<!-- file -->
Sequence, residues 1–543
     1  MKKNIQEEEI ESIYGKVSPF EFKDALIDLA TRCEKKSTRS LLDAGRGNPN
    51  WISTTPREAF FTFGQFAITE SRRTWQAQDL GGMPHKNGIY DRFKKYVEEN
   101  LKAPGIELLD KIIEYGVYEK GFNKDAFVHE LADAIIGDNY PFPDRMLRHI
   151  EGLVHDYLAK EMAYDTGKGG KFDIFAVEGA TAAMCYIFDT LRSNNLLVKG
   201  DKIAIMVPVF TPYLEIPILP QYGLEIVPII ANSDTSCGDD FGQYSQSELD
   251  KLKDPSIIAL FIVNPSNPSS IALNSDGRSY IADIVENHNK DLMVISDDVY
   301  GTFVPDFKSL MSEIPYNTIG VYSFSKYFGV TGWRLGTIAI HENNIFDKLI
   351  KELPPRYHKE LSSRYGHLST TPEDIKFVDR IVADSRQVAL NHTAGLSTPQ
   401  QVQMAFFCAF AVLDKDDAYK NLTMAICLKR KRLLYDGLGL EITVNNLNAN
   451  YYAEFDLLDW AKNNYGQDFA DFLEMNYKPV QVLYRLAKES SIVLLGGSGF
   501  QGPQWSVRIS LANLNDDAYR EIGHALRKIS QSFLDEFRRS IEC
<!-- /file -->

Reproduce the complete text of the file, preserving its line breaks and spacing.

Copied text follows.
Sequence, residues 1–543
     1  MKKNIQEEEI ESIYGKVSPF EFKDALIDLA TRCEKKSTRS LLDAGRGNPN
    51  WISTTPREAF FTFGQFAITE SRRTWQAQDL GGMPHKNGIY DRFKKYVEEN
   101  LKAPGIELLD KIIEYGVYEK GFNKDAFVHE LADAIIGDNY PFPDRMLRHI
   151  EGLVHDYLAK EMAYDTGKGG KFDIFAVEGA TAAMCYIFDT LRSNNLLVKG
   201  DKIAIMVPVF TPYLEIPILP QYGLEIVPII ANSDTSCGDD FGQYSQSELD
   251  KLKDPSIIAL FIVNPSNPSS IALNSDGRSY IADIVENHNK DLMVISDDVY
   301  GTFVPDFKSL MSEIPYNTIG VYSFSKYFGV TGWRLGTIAI HENNIFDKLI
   351  KELPPRYHKE LSSRYGHLST TPEDIKFVDR IVADSRQVAL NHTAGLSTPQ
   401  QVQMAFFCAF AVLDKDDAYK NLTMAICLKR KRLLYDGLGL EITVNNLNAN
   451  YYAEFDLLDW AKNNYGQDFA DFLEMNYKPV QVLYRLAKES SIVLLGGSGF
   501  QGPQWSVRIS LANLNDDAYR EIGHALRKIS QSFLDEFRRS IEC